American Democracy: A Great Leap of Faith

Opens on March 13, 2021

“We the People.”

Revolutionary Americans took a great leap of faith by establishing a new government based on the sovereignty of the people. Power would not be in the hands of a monarchy or a dictator … but instead, entrusted to its citizens. Every generation since has faced questions ignited by that revolution while on the never-ending quest to form a more perfect union.

The History Center will examine the bold experiment to create a government “of the people, by the people, and for the people” in its new exhibition, American Democracy: A Great Leap of Faith, which opens on Saturday, March 13 at the Smithsonian’s home in Pittsburgh.

Developed in partnership with the Smithsonian’s National Museum of American History and the Smithsonian Institution Traveling Exhibition Service (SITES), this timely exhibition will explore the history of citizen participation, debate, and compromise from the nation’s formation to today, as our region and country attempt to make sense of a year that included heated election cycles, civil unrest, presidential impeachments, and unprecedented challenges to our democracy.

The American Democracy: A Great Leap of Faith exhibition will be on view through Sunday, Oct. 3, 2021.

With immersive displays, engaging interactives, and rare artifacts, the exhibit will focus on the changing political ideas and principles of the nation, citizenship in a pluralistic society, and political participation and engagement.

American Democracy will also examine how Pittsburghers and events in Western Pennsylvania have significantly helped shape our democracy, including the Whiskey Rebellion, women’s suffrage, the civil rights movement, and more.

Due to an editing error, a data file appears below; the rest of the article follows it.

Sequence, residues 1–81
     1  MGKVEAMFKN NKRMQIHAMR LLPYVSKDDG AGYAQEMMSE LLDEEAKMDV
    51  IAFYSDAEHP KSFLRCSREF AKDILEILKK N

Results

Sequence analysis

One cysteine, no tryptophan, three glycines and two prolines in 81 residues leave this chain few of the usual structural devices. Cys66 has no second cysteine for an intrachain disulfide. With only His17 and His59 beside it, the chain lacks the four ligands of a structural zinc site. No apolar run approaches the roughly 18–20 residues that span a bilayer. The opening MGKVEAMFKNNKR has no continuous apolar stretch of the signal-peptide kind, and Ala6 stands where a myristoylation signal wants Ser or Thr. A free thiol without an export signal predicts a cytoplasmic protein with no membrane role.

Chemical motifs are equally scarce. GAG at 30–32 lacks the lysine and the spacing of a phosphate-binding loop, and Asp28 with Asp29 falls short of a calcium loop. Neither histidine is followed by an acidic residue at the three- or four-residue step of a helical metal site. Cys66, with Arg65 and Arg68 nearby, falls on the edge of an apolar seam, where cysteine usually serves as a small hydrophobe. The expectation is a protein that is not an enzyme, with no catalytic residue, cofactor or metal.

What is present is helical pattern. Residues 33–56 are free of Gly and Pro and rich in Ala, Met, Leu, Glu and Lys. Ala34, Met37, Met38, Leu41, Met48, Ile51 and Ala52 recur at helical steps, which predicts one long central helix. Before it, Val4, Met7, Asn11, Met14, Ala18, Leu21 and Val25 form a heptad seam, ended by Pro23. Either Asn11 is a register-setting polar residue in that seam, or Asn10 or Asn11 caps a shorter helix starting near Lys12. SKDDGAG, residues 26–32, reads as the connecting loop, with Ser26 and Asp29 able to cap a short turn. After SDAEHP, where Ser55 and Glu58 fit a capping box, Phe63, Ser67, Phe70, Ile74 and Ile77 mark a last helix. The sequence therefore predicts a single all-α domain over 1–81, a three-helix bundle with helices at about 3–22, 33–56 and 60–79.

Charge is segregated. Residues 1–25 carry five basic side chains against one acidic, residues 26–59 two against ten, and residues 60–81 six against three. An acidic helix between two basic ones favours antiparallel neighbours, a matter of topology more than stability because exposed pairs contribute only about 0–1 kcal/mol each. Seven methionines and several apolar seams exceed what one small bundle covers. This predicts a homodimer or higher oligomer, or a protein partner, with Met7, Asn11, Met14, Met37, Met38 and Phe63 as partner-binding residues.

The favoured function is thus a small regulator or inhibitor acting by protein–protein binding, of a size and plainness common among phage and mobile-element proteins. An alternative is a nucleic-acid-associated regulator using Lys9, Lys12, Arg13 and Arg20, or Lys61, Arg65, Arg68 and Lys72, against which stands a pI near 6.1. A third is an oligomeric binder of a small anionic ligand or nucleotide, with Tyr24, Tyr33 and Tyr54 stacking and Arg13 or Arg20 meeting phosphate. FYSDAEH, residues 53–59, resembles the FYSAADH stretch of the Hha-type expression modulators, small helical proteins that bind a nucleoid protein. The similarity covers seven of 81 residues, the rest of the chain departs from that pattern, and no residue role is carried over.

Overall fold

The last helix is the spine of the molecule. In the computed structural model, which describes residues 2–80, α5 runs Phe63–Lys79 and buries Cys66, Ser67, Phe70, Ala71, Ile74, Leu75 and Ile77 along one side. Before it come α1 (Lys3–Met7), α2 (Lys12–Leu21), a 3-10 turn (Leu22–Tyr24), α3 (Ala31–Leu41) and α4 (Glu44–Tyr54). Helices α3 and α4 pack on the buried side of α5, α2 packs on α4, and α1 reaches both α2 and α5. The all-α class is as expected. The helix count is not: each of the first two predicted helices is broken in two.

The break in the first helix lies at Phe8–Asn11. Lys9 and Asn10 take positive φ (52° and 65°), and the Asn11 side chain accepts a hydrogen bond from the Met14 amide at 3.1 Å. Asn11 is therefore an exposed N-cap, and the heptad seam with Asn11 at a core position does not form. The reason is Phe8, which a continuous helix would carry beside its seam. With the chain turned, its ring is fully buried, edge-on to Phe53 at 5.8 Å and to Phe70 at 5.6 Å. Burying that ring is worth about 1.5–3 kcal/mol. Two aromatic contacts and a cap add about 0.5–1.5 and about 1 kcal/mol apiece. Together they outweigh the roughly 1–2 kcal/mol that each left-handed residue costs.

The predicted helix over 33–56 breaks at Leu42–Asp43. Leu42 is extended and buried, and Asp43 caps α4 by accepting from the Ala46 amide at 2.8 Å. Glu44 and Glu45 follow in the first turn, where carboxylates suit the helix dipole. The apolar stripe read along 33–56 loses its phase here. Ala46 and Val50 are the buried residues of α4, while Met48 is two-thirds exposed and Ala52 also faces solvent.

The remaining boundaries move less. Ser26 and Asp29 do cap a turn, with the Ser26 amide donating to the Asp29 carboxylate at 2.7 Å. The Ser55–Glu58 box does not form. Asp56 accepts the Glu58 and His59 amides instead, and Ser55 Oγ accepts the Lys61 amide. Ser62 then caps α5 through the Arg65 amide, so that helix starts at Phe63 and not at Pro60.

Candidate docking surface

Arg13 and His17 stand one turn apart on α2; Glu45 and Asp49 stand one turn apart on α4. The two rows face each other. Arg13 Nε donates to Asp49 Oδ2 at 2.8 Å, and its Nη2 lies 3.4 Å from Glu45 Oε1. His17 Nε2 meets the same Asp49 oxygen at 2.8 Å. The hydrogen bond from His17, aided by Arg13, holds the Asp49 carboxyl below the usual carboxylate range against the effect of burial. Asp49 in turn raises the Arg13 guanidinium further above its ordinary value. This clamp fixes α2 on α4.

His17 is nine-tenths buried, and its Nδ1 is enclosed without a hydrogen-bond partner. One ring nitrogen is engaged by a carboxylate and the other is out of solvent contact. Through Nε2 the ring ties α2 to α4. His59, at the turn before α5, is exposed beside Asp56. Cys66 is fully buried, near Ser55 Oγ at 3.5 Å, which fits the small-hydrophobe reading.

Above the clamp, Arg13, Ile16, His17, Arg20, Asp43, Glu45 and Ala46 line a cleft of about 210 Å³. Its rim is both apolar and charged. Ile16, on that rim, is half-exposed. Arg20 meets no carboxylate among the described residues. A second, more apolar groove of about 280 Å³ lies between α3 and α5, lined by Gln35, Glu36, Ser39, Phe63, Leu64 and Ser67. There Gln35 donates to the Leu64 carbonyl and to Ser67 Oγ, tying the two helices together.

The 7,000-square-foot exhibit will include:

  • A Pennsylvania land grant signed by Benjamin Franklin;
  • A travel desk that belonged to George Washington, on loan from Carnegie Museums, as well as his knee buckle and a platter from his home in Mount Vernon
  • More than 15 artifacts from the Smithsonian’s National Museum of American History, including a replica of Thomas Jefferson’s writing desk;
  • Powerful objects of politics and protest, including a Pittsburgh-made “March on Washington” banner, a Black Construction Coalition flag, and campaign buttons and ribbons;
  • A special section on citizenship and Pittsburgh’s role in the development of the U.S. naturalization exam;
  • Artifacts that showcase our region’s history and impact on the groundbreaking American Disabilities Act (ADA), passed in 1990.

The American Democracy exhibition is a key component of the History Center’s America 101 initiative, which empowers citizens to know and act on the promise of the country’s founders, enabling them to write the next chapter of our democracy.

This History Center initiative engages visitors through public programs, special exhibitions, digital learning tools, and educational curriculum. By 2026 – America’s 250th anniversary – America 101 will ensure that citizens in Western Pa. and beyond are more knowledgeable about American history and able to pass the history and civics portion of the U.S. citizenship test.

America 101 is sponsored by the Nimick Forbesway Foundation and the Charity Randall Foundation.

Smithsonian